1. Consider the following ascending price auction for some good. Each bidder starts with his or her finger on a button. The price starts to rise automatically (imagine it is shown on a screen), starting from v0. The bidders watch the rising price and, when a bidder no longer wishes to participate, he or she lifts his or finger from the button. Once he or she has lifted his
or her finger, he or she is out of the auction for good (i.e., no one can go back in). As soon as only one button is being pressed (i.e., as soon as the next-to-last bidder exits), the auction stops and the bidder still pressing his or her button gets the good at the price shown on the screen. Assume that the good in question is a pure private-value good; that is, its value to
an individual bidder is independent of its value to any other bidder. Each bidder has a value v, which is drawn from the interval [v0, v1] according to a known distribution.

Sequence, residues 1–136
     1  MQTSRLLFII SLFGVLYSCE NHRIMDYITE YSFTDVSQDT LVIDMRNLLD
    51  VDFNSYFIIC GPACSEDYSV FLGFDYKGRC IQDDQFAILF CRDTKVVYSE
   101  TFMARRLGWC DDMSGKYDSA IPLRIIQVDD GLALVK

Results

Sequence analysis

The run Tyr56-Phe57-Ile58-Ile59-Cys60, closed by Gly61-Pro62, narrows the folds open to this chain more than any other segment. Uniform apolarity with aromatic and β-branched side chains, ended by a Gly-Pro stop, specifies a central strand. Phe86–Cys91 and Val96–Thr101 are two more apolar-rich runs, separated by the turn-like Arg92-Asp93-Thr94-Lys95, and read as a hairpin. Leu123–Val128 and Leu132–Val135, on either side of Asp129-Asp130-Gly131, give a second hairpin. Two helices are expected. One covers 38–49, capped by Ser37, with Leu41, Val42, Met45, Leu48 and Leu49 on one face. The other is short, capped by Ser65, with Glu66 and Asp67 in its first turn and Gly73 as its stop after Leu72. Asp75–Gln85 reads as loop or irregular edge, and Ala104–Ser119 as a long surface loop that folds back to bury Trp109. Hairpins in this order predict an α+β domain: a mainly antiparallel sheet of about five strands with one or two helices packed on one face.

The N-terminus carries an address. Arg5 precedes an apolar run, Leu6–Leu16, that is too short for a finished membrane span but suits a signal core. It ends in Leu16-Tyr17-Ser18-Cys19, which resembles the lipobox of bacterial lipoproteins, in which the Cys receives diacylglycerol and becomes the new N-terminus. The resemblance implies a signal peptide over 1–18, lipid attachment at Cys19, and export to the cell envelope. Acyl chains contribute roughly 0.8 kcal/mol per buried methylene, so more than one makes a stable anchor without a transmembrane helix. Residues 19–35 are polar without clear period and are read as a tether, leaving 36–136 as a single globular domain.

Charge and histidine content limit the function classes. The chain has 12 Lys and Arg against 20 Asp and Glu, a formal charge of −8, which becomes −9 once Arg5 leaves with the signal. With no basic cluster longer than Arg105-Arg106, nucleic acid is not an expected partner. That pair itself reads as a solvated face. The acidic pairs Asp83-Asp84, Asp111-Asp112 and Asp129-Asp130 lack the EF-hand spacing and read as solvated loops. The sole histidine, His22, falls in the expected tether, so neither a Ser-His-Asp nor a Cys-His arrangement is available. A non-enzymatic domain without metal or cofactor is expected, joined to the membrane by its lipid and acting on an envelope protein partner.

(a) There is a dominant strategy for bidders to use in this auction. What is it?
(b) Show by example that any strategy other than the dominant strategy yields a strictly lower payoff than the dominant strategy in some circumstances.
See the attached file. Thanks
COMMENT FROM STUDENT:
Why isn't this considered a second-price auction (as opposed to an English auction as you emntioned) The dominant strategy would be to release the button after the price you are willing to pay has disappeared (but before the next price appears). Essentially, you want to place a bid at what the value of ...
This post explains in simple words what the dominant strategy in an Auction is? First it identify the type of auction involved based on the characteristics of the auction process and then discusses the dominant strategy. In the second part it explains why any other strategy would result in inferior results to the bidders. (Approx 500 words)